Extended-protected article

Umm al-Faraj

From Wikipedia, the free encyclopedia
Jump to navigation Jump to search

Umm al-Faraj
Umm al-Faraj is located in Mandatory Palestine
Umm al-Faraj
Umm al-Faraj
Arabicأُم الفرج
Name meaningThe ruin with the gap, or chink[1]
Also spelledUm el-Faraj, La Fierge
Coordinates33°00′18″N 35°07′16″E / 33.00500°N 35.12111°E / 33.00500; 35.12111Coordinates: 33°00′18″N 35°07′16″E / 33.00500°N 35.12111°E / 33.00500; 35.12111
Palestine grid162/267
Population800[2][3] (1945)
Area825[3] dunams
Date of depopulation21 May 1948[4]
Cause(s) of depopulationMilitary assault by Yishuv forces
Current localitiesBen Ami[5]

Umm al-Faraj (Arabic: أم الفرج‎, known to the Crusaders as La Fierge), was a Palestinian village, depopulated in 1948.


The village was situated on a flat spot in the Acre plain, 10.5 kilometers (6.5 mi) northeast of Acre.[6]


Archaeological remains from the Roman and Byzantine eras have been found here.[7]

Sugar Moulds found here indicate that sugar productions started in the 11th century, under the Fatimid era.[7]

Crusader/Mamluk era

The village was known to the Crusaders as Le Fierge, and belonged to the fief of Casal Imbert.[6] In 1253 King Henry granted the whole estate of Casal Imbert, including Le Fierge, to John of Ibelin.[8][9] Shortly after, in 1256, John of Ibelin leased Az-Zeeb and all its depending villages (including Le Fierge) to the Teutonic Order for 10 years.[10] In 1261, Az-Zeeb, together with Le Fierge and Le Quiebre, were sold to the Teutonic Order, in return for an annual sum for as long as Acre was in Christian hands.[11] In 1283 it was still a part of the Crusader states, as it was mentioned as part of their domain in the hudna between the Crusaders based in Acre and the Mamluk sultan Qalawun.[12][13]

According to al-Maqrizi, it had come under Mamluk rule in 1291, when it was mentioned under the name of Farah when sultan al-Ashraf Khalil allocated the village's income to a Waqf in Cairo.[14][15]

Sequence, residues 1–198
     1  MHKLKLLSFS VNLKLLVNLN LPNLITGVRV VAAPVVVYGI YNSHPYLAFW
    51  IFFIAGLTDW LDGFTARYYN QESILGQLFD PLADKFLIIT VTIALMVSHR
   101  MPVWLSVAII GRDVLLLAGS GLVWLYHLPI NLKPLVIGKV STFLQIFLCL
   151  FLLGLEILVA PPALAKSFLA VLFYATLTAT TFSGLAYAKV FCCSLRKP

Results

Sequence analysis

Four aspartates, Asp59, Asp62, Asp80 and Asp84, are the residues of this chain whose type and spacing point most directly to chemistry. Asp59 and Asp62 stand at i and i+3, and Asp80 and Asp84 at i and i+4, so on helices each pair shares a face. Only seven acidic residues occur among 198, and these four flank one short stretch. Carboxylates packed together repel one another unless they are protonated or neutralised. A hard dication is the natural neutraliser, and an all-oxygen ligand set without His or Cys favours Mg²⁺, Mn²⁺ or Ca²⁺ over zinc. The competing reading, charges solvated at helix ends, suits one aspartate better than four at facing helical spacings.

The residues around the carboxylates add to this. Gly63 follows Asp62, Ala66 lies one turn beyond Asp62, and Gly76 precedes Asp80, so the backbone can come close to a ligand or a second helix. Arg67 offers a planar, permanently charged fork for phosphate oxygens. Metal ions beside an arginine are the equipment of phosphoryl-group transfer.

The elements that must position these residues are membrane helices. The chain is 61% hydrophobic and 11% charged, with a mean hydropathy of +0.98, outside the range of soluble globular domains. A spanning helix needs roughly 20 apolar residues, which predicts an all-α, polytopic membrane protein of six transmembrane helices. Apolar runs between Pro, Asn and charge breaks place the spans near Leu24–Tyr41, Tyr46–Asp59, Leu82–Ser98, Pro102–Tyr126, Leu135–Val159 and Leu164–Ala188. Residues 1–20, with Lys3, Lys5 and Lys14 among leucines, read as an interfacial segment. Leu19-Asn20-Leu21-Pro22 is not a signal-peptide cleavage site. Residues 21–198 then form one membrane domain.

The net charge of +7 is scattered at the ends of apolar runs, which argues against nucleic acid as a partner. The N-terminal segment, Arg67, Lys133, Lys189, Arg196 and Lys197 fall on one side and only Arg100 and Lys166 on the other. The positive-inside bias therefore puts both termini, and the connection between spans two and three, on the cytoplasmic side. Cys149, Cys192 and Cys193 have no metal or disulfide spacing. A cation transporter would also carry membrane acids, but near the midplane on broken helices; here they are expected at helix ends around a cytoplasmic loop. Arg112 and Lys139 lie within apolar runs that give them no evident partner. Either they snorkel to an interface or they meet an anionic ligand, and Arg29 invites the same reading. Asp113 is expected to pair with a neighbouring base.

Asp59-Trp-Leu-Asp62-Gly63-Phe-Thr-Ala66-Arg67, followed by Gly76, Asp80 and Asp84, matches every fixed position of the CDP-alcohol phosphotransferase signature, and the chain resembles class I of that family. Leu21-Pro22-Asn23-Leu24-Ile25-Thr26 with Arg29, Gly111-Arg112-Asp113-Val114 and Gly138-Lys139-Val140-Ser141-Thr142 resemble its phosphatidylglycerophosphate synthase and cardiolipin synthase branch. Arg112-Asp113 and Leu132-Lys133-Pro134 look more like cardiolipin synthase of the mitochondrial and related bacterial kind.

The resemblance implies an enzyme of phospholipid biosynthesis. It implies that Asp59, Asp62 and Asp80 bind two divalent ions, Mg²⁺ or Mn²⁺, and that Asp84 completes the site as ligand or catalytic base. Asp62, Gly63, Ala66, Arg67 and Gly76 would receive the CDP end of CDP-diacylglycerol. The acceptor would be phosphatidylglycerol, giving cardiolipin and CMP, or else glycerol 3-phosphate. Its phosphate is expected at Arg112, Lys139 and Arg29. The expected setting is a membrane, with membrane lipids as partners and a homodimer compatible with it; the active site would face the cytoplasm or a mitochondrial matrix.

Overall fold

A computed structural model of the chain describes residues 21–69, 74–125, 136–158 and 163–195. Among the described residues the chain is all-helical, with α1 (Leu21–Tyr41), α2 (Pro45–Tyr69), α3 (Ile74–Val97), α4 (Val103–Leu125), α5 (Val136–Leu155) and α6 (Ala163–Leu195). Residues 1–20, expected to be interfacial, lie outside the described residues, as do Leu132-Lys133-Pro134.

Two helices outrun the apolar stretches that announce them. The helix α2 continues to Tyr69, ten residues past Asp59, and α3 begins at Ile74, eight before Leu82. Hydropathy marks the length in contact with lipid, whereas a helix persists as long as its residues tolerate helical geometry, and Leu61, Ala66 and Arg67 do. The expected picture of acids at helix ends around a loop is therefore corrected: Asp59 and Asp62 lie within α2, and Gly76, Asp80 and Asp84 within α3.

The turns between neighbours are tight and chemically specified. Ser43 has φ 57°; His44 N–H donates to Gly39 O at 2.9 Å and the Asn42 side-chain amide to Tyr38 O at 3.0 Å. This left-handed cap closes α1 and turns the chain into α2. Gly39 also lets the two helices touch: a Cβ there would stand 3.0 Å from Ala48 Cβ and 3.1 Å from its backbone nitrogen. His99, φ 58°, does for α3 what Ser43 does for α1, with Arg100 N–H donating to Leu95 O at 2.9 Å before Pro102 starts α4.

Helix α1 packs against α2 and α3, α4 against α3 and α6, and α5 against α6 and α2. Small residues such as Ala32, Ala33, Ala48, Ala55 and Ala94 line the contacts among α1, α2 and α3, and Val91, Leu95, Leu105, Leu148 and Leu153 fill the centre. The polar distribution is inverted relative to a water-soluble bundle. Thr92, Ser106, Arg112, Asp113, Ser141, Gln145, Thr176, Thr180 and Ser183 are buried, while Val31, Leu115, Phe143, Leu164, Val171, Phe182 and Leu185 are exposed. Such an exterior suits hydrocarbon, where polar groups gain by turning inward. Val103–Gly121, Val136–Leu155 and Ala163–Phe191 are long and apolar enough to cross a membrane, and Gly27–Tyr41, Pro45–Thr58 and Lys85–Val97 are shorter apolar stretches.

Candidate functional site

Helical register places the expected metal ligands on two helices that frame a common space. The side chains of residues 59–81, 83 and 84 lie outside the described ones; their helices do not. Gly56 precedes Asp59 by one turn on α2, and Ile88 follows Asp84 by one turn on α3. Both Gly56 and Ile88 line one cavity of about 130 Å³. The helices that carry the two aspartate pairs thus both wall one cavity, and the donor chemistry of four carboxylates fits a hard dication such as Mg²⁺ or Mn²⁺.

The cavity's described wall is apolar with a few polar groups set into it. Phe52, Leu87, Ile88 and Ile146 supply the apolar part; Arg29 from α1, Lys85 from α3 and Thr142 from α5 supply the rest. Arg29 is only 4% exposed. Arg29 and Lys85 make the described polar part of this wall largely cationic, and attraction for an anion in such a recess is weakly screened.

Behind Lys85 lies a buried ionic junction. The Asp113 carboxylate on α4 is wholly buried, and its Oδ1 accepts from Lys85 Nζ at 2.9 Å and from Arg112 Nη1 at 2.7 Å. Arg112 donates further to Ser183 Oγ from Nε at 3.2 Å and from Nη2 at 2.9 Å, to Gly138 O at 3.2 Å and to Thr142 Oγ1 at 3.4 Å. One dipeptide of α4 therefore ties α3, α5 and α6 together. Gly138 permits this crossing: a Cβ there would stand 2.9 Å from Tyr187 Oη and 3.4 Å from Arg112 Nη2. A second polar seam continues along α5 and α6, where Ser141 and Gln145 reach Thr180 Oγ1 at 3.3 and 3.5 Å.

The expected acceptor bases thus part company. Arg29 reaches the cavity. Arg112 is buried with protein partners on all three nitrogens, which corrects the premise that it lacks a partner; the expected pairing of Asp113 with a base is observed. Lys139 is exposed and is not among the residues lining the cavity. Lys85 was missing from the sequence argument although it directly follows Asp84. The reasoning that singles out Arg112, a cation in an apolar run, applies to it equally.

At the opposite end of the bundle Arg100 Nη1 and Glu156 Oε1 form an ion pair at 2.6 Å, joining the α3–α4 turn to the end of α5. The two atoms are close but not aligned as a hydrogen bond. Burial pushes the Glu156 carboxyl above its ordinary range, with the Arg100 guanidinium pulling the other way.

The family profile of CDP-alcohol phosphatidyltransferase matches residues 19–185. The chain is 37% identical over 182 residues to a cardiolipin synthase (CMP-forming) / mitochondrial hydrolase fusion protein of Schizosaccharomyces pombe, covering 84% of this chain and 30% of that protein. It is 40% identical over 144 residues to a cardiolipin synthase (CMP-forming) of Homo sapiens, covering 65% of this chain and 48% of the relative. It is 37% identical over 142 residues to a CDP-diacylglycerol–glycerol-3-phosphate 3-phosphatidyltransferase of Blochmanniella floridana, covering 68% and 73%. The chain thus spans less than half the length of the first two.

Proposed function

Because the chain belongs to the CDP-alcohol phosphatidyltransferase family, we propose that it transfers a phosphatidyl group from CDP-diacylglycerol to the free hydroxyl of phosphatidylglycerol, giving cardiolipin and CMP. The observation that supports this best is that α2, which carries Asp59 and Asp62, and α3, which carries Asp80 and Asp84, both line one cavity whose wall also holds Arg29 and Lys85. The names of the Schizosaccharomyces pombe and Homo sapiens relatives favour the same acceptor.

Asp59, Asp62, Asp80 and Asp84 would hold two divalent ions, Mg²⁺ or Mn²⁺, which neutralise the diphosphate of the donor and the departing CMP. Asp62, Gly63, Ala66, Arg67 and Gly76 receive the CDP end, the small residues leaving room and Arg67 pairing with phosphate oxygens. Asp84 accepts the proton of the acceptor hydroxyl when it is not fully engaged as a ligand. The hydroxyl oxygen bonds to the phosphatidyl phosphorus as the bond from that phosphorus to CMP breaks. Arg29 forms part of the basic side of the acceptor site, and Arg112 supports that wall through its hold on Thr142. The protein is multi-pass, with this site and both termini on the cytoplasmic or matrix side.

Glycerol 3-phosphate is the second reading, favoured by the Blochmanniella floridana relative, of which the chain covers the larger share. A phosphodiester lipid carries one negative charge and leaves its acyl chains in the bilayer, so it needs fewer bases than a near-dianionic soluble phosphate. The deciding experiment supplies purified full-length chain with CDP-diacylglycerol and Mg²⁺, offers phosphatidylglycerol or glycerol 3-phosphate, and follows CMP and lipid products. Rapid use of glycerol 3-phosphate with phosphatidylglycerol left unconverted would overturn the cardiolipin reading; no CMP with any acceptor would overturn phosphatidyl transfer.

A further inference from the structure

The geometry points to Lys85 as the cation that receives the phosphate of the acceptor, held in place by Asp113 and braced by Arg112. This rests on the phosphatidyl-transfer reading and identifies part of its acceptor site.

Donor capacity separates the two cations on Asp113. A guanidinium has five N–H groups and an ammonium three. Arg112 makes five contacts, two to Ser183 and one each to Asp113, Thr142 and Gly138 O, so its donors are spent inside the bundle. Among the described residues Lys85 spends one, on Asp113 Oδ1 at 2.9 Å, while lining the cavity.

Sugar production continued here during the Crusader and Mamluk eras.[7]

Ottoman era

Incorporated into the Ottoman Empire in 1517 with all of Palestine, it appeared in the 1596 tax registers as Farja, being in the Akka Nahiya (Subdistrict of Acre), part of the Safad Sanjak (District of Safed), with a population of 24 households and 13 bachelors, all Muslim. The villagers paid a fixed tax rate of 20% on agricultural products, including wheat, barley, summer crops, cotton, goats and beehives, in addition to "occasional revenues" and a water mill; a total of 1,576 akçe. Half of the revenues were given to a waqf.[16][17][18] Sugar production continued here to the beginning of the seventeenth century CE.[7]

In 1799, the village was called El Fargi on the map of Pierre Jacotin.[19] An inscription in marble, built into the wall above the gate of the village mosque, dates this building to 1254 H, (1838-39 C.E.).[20]

In May 1875, the French explorer Victor Guérin visited the village. He described it as being surrounded by "delightful" gardens, irrigated with water from Nahr al-Mafshukh. Many houses were built with great care, and some had old pieces of stone built into them. He further noted that "the location of an old demolished church is still to a certain extent recognisable", and that all the 200 villagers were Muslim.[21] In 1881, the Palestine Exploration Fund's Survey of Western Palestine described it as being built of stone and with a population of 200. The villagers planted fig, olive, mulberry and pomegranate trees.[22]

A population list from about 1887 showed Um el Ferj to have about 690 inhabitants, all Muslims.[23]

British Mandate era